I am the Development Manager for a small nonprofit that operates on a budget of around $500,000 a year. Something came up this year for the first time, and I’d like your opinion.
The ticket price to our annual benefit is $100, and we routinely send acknowledgements to guests that $50 of their $100 ticket is deductible. This is a fairly accurate estimate of the value of the food, drink and entertainment cost, and according to our business manager and auditor, standard best practices (as well as the way benefit tickets have been handled at every nonprofit for which I have ever worked, during the past 20+ years).
This year, we got an RSVP from one guest with a note saying, check to follow. When the check arrived, it was from a donor advised fund with a letter stating that endorsement of the check would confirm that the full amount was tax-deductible and that no goods or services had been received in exchange. My Executive Director and I felt that to treat this differently from all other benefit ticket purchasers would be inappropriate, and compromise the integrity of our nonprofit. I contacted the donor advised fund representative, and explained the situation. I made it clear that the woman would be welcome at our event, but that we would not deposit the check without further instruction from him.
At the benefit, the woman handed me a check for $50. She was very kind, but basically said, these things are done all the time, there’s a fine line, you are on the wrong side of it, but “you’ll learn.” She also told me that the board member who invited her will be speaking with me about this.
I realize this is a relatively small amount, but it’s a larger principle. One of the reasons I value my job at this particular nonprofit is that there is a strong commitment to integrity, consistency and transparency here. My ED and I both feel that we made the right call; but this is very likely not the end of it, as we haven’t heard yet from the board member.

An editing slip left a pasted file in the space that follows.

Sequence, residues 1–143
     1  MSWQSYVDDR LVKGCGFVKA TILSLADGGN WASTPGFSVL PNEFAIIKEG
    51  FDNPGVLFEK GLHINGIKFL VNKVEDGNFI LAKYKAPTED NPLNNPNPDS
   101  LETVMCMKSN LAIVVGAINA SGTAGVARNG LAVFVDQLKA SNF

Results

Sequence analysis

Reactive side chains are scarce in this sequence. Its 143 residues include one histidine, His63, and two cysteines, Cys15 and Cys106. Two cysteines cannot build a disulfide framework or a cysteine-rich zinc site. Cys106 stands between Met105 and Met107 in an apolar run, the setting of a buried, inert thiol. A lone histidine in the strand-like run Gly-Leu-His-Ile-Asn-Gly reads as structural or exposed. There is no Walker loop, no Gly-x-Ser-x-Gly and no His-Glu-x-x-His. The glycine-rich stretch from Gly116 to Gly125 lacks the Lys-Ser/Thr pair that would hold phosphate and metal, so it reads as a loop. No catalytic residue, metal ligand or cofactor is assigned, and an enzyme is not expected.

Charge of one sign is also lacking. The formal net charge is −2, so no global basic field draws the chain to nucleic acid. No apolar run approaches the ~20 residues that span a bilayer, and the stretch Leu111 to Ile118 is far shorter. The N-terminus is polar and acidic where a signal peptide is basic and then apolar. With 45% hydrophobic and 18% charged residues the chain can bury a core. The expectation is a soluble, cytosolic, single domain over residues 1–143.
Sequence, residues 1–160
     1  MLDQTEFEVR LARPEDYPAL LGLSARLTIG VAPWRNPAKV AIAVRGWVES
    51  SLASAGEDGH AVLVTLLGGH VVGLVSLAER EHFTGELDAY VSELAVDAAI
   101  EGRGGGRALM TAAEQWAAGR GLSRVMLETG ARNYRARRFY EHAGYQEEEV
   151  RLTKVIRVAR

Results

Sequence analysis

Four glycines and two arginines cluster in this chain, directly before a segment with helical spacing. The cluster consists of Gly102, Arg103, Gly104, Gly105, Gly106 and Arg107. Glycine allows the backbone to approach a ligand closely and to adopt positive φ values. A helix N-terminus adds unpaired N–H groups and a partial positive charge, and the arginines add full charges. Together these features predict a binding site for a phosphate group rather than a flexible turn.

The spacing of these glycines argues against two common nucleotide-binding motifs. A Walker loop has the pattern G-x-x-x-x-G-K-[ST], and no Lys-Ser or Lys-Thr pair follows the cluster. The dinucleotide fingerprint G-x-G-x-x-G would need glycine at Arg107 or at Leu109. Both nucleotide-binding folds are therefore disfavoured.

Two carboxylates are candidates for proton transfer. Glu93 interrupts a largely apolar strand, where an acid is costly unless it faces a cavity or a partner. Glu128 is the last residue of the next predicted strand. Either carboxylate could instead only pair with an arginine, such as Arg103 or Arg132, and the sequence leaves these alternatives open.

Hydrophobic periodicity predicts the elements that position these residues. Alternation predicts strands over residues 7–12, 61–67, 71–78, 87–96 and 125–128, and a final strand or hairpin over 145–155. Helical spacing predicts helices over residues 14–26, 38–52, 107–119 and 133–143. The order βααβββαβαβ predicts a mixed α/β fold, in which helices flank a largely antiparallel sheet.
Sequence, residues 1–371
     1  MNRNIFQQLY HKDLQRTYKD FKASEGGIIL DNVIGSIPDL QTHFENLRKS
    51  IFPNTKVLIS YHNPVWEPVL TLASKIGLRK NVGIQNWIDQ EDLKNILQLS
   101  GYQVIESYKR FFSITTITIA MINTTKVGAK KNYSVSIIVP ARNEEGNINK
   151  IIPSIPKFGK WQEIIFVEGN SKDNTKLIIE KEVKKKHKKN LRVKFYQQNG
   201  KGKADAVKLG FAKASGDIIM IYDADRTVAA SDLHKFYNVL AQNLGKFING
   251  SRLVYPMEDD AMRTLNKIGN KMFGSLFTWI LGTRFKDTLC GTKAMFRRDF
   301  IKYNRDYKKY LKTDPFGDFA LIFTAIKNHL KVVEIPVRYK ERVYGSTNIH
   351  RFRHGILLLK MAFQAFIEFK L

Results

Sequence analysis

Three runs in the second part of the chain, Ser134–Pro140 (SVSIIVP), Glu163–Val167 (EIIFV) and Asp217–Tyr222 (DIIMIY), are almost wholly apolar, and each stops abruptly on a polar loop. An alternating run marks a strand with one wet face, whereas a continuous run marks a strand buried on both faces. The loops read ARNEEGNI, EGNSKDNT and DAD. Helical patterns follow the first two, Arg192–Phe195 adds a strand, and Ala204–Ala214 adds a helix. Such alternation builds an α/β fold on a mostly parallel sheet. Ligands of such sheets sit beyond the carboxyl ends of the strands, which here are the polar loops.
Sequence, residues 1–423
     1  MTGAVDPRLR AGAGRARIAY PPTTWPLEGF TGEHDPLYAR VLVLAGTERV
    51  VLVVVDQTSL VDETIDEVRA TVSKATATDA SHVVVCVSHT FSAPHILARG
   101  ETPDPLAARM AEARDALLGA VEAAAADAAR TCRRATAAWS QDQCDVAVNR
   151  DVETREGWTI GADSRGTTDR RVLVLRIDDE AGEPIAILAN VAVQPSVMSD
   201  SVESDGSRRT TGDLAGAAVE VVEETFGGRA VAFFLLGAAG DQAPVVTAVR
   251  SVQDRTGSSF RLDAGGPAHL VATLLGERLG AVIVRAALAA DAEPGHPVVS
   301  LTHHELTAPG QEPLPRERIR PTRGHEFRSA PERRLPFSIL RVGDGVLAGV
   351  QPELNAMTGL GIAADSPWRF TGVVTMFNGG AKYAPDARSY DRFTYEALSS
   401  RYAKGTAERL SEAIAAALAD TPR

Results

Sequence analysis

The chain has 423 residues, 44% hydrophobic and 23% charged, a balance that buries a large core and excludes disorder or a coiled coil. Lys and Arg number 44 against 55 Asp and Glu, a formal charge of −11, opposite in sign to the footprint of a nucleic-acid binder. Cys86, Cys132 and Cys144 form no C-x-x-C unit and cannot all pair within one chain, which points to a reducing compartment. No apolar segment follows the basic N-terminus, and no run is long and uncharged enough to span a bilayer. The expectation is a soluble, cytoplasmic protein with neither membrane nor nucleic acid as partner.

What do you think?
Sincerely, Just Following The Rules
It’s not a matter of what the Nonprofiteer thinks; it’s what she knows, and you know and your Executive Director knows. There’s nothing at all “fine” about the line between deductible and non-deductible payments: the IRS permits deduction of the amount that goes to the charity, and not of the amount that goes into a guest’s belly. It’s what any lawyer would refer to as “a bright-line rule.” So maybe the banquet guest just got her lines mixed up.
Seriously, this isn’t even a close call. What this person has asked you to do is to lie to the IRS on her behalf. Let’s leave aside ethics, integrity, all those mushy things. Lying to the IRS is a really bad idea–just ask Al Capone.
Now, is your agency likely to be audited for breaking the rules (also known as “the law”)? No. Nor is the guest likely to be audited for misreporting her charitable contributions. But that’s not a reason for you (or her) to pretend that she received no value for the money she handed over. You were wise not to endorse the donor-advised fund’s check embodying such a pretense, and you will continue to be wise by not issuing a tax-deductibility receipt for the $50 personal check she ultimately forked over.
If and when the Board member comes at you, you will reiterate what we all know to be true: that the IRS does not permit you to certify the food, drink and entertainment costs as tax-deductible contributions, and that you’re sure she wouldn’t want an agency she governs to participate in such a dangerous and false maneuver. If she presses, observe that the guest may make any use she pleases of her cancelled $50 check.
If the Board member continues to press, turn the matter over to the Board president. It’s her/his responsibility to make sure no one member of the Board in any way tarnishes the reputation of the whole group. If s/he resists addressing the issue, try using the words “tax evasion,” and if s/he continues to resist, try using the word “fraud.”
You don’t have to be in the business of judging or disparaging the guest (though she richly deserves it. Wealthy enough to have a donor-advised fund and wailing about $50?). But you likewise don’t have to be in the business of abetting her dishonesty. And if anyone argues, “Well, it’s only $50,” make sure to agree. “Our agency’s good name isn’t for sale,” you’ll say. “But if it were, it would cost a hell of a lot more than $50.”
Keep on abiding by the law, and may the Force be with you.